October is sustainability month in Manitoba.
The U of M’s office of sustainability is hosting events throughout the month to promote awareness about the impact human behaviour has on the planet and to advocate for social, behavioural, political and economic changes that will help preserve the environment for the next generation.
One of the events planned is Cup Mountain. Volunteers have collected hundreds of paper cups from around the Fort Garry campus and will be building them into a mountain at UMSU University Centre Monday.
Sustainability ambassadors will provide free coffee will from Oct. 18 and 19 to people who bring a reusable mug.
The Cup Mountain project was developed to quantify the amount of single-use disposable paper cup waste generated by U of M Fort Garry campus.
The office found the campus is responsible for 1.19 million single-use disposable paper cups per year.
Office of sustainability promotion and outreach coordinator Christie Nairn said the number of disposable cups used on campus may be higher than students think.
“If you line those [paper cups] up face to face, it reaches between Winnipeg and Kelowna,” she said.
“The greenhouse gas emissions associated with that will actually get you from Victoria to Halifax 21 times.”
Nairn added that projects like these help visualize the collective impact people have on the environment.
“The idea of Cup Mountain is to display what impact, or how many disposable cups we’re using in a week,” said Nairn.“So, a snapshot of what U of M uses.”
U of M student Sydney Nicholauson is the Cup Mountain project leader. She and her team are advocating for more people to use multiple-use beverage containers instead of single-use paper cups to reduce the amount of waste and plastic sent to landfills.
“It’s a common sight on campus to see trash cans absolutely overflowing with cups,” she said.
“I know Degrees [restaurant] […] has compostable cups. But Starbucks, Tim Hortons […] those cups aren’t even recyclable. A lot of people don’t know that. They think they can be recycled. I thought they could be recycled until four months ago, but they can’t.”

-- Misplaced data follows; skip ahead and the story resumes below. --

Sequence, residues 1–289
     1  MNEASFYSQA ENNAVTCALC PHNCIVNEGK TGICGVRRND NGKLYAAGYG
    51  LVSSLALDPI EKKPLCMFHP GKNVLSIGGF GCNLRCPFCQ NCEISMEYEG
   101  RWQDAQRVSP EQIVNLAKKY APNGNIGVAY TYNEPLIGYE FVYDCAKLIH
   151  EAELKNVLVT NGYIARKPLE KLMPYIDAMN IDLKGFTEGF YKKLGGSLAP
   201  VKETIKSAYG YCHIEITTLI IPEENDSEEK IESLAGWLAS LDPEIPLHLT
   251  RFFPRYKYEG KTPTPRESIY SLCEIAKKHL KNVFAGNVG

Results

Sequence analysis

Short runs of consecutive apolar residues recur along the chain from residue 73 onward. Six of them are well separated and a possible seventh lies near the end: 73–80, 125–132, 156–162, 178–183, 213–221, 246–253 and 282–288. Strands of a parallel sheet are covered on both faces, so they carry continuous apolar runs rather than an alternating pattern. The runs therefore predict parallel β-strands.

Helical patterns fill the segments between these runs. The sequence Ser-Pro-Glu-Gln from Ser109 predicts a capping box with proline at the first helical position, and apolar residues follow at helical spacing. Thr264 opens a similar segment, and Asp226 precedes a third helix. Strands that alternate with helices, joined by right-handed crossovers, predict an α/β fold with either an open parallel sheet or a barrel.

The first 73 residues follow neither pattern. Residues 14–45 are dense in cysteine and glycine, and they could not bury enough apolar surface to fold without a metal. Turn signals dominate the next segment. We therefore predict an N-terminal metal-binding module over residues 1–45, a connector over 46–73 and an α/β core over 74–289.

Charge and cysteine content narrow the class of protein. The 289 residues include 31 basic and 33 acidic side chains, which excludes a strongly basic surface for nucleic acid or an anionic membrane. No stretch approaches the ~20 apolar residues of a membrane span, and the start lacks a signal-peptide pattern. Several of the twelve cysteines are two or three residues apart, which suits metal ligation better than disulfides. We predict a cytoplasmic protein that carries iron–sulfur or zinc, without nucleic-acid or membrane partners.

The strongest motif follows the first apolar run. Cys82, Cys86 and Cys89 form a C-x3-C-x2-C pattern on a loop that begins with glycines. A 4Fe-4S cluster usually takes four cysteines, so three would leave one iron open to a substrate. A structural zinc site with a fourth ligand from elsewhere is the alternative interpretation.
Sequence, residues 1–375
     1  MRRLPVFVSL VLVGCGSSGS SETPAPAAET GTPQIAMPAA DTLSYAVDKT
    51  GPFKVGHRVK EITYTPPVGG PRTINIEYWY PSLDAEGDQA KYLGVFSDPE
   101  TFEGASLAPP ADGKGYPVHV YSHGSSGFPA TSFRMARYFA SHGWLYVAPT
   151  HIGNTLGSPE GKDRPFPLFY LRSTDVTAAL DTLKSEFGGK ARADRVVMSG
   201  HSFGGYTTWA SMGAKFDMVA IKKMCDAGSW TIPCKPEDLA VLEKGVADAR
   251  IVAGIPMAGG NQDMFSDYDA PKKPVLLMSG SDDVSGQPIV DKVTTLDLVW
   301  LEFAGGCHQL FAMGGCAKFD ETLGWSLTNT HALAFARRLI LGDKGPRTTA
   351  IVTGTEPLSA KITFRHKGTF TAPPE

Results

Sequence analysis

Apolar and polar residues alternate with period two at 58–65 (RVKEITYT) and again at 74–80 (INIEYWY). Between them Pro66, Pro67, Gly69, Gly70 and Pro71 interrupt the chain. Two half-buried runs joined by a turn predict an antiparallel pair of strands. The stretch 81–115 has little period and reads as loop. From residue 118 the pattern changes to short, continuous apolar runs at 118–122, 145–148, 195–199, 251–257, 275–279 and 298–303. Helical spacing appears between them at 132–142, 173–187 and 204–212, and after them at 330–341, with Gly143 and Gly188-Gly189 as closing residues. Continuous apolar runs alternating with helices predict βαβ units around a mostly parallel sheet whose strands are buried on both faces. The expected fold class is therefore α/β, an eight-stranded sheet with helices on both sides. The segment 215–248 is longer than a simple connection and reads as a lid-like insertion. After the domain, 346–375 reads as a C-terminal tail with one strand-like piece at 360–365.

Nairn noted the ideal response to the project is to inspire people to make more environmentally sustainable choices.
“That whole demonstration is to kind of help people realize the impact it has and to encourage them to use their own mug,” said Nairn.
Projects like these raise questions about the fate of compostable materials disposed from campus, and whether the infrastructure even exists to deal with the amount of compostable waste disposed of by the U of M.
A 2017 waste audit report by the office of sustainability estimated 869 metric tonnes of waste is generated and disposed annually by the U of M.
While about half of waste generated from both U of M campuses is made up of compostables, no large-scale programs exist to deal with organic compost. Like non-recyclables, compostable materials are sent to landfill.
The report also highlighted the “strong potential” of organic waste prevention programs at the U of M, considering half of the amount of organic and compostable waste.
The report called for a 3-stage pilot composting program and a multi-level implementation strategy involving management, students and staff.
Most single-use disposable beverage paper cups are lined with a type of plastic to keep waterproof. While paper decomposes in landfills, these plastics do not.
In Manitoba, paper cups end up in landfills because they are non-recyclable. Styrofoam, foil, plastic bags and black or dark-coloured plastics are non-recyclable, despite many being stamped with the recycle symbol.
Nicholauson said the lagging by businesses to invest in compostable products comes down to profit.
“This is a problem that is preventable if big retailers essentially were to shell out a bit more money to get the more expensive, compostable cups,” said Nicholauson.
“But of course they won’t, because they have to maximize profit margins.”
On another front of sustainability month, student volunteers and staff from the U of M cleaned the forest area and river bank behind the Drake Centre, U of M Asper school of business Thursday. About 100 pounds of garbage was collected from the area.
Alexandra Caporale, a U of M master’s student in the department of city planning, led the cleanup.
“Over the spring or summer, I was walking around here […] then I started looking at the river and I was like ‘What is this terrible mess? This is really upsetting,’” she said.
The office of sustainability will be hosting events for the rest of October, including a nature walk and circumnavigation of Lake Winnipeg.